Who is broky? Rumored FaZe CSGO pickup becomes free agent - Dexerto

Who is broky? Rumored FaZe CSGO pickup becomes free agent

Published: 9/Sep/2019 13:56 Updated: 9/Sep/2019 14:18

by Kamil Malinowski


Many Counter-Strike: Global Offensive fans may have heard the latest FaZe Clan transfer rumors, which hint at a rather unknown player potentially joining the squad, but who exactly is Helvijs ‘broky’ Saukants? 

On September 5, fans noted that FaZe were practicing without Ladislav ‘GuardiaN’ Kovács and Filip ‘NEO’ Kubski, with broky and an unknown player going by the name of ‘dickb0mb’ taking their place.

The identity of dickb0mb is still unknown, however, fans speculate that it could be Marcelo ‘Coldzera’ David, who was previously linked with the organization. Meanwhile, it is confirmed broky was playing with FaZe, but the player remains relatively unknown.

Epsilon esportsBroky impressed during his time at Epsilon.

Who is Broky?

Broky is new to the competitive CS:GO scene, and it is likely many people haven’t heard of him. He is an 18-year-old who first appeared in the competitive scene in mid-2018, largely playing in regional events and the Faceit Pro League.

The young Latvian quickly outgrew the Baltic scene and was signed by Epsilon Esports in February 2019 and continued to impress from there.

Only two months after joining he helped his team to win the ESEA Season 30 Premier Division, and just two weeks later played a key role in their fourth-place finish at Charleroi Esports 2019, which included an impressive victory over G2.

In July the team parted ways with Epsilon and have been looking for an organization to represent ever since. Broky’s free agency was announced just days after his practice with FaZe, leading fans to believe the player is likely to join the international squad.

Helvijs is lauded as one of the brightest young stars in Counter-Strike and is living up to the hype with increasingly impressive performances against strong opponents. However, he has yet to be truly tested by the best of Counter-Strike, so if he does join FaZe, it will be interesting to see how well he can compete.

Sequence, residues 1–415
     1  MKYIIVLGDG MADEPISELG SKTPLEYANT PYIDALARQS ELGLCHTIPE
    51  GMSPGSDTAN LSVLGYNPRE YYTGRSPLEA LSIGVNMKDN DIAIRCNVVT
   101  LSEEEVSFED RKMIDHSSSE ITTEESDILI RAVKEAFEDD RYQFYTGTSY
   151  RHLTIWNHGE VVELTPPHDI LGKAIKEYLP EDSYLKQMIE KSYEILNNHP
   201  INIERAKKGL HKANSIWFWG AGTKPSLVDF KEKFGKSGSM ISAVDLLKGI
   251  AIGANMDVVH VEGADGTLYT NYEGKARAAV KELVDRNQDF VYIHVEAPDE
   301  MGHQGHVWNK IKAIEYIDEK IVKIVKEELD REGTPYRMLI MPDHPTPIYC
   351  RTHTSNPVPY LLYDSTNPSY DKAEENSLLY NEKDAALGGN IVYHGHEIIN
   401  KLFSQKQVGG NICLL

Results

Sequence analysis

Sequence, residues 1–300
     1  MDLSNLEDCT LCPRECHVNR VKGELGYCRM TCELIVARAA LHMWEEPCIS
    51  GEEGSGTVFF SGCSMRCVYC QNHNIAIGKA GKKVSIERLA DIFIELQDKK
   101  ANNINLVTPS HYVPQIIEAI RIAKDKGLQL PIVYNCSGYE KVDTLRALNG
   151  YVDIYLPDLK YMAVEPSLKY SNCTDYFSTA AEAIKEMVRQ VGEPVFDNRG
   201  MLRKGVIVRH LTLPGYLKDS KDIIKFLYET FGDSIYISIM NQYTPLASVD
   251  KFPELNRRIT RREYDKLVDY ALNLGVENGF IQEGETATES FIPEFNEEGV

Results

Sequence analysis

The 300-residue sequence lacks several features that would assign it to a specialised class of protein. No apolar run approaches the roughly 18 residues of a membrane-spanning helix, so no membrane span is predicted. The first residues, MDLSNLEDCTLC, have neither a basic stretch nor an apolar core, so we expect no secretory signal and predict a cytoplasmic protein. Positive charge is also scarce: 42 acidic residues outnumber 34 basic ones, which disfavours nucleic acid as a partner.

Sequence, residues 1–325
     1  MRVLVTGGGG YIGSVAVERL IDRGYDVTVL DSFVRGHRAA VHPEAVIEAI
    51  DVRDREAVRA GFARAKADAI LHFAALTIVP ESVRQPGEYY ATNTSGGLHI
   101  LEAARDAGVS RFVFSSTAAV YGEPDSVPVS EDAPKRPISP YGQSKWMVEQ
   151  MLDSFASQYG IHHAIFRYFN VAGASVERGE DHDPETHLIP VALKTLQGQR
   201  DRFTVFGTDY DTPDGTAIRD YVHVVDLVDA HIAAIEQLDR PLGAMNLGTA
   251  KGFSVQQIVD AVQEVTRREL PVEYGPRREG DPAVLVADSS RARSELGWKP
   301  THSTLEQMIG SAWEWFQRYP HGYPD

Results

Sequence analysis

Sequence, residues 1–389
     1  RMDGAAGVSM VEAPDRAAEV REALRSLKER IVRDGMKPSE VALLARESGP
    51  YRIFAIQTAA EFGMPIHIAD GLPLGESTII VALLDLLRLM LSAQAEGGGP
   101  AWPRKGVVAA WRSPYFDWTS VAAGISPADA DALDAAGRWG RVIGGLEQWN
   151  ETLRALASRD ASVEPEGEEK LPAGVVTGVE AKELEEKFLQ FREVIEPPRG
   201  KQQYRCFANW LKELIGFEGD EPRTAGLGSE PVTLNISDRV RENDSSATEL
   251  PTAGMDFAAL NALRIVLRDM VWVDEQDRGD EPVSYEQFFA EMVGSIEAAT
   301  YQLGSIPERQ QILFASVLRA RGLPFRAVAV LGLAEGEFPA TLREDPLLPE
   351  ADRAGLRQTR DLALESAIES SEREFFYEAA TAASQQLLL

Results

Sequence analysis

How to call a Technical Timeout in CSGO Competitive

Published: 28/Jan/2021 5:19

by Andrew Amos


Valve has added Technical Timeouts to CS:GO Competitive in their January 27 update. It’s different from the game’s already-existing Tactical Timeouts. Here’s exactly how they work, and how you can call one for your team.

The addition of Technical Timeouts built into CS:GO comes as Valve has looked to revamp Competitive play by removing bots, and even adding bonus income for teams down on players.

It’s different from the already-existing Tactical Timeouts ⁠— which players can call once per half in a CS:GO Competitive game. In fact, you don’t really get an opportunity to call a tech pause, as they automatically go through.

Here’s how the new feature works, and how you can best utilize it to boot.

How to use Technical Timeouts in CS:GO

Technical Timeouts aren’t something you can call on command in CS:GO. In a matchmade competitive game, something has to go awry first.

Technical Timeouts can only be called if a player has disconnected from the game, and hasn’t reconnected by the time the next round starts. They will be automatically called, and will last two minutes at most. This allows the DC’d player time to reconnect to the game.

The timeout will automatically be canceled if the DC’d player abandons the game. Timeouts also won’t be called in a 4v5 if the player was kicked. Each team gets one Technical Timeout. It doesn’t count towards your Tactical Timeout count.

CS:GO Tactical Timeout menu
Tactical Timeouts have existed in CS:GO matchmaking for some time, but not tech pauses.

Hopefully you won’t ever have to use a Technical Timeout in CS:GO competitive queues. If it does come down to it though, it’s a handy tool that will allow players to get back into the game if their internet died or their game crashed.

In the downtime, you can talk strategies about tackling the game while a man down ⁠— or a man up. However, you won’t just be able to call it for your mouse glitching out, or a sticky desk mishap.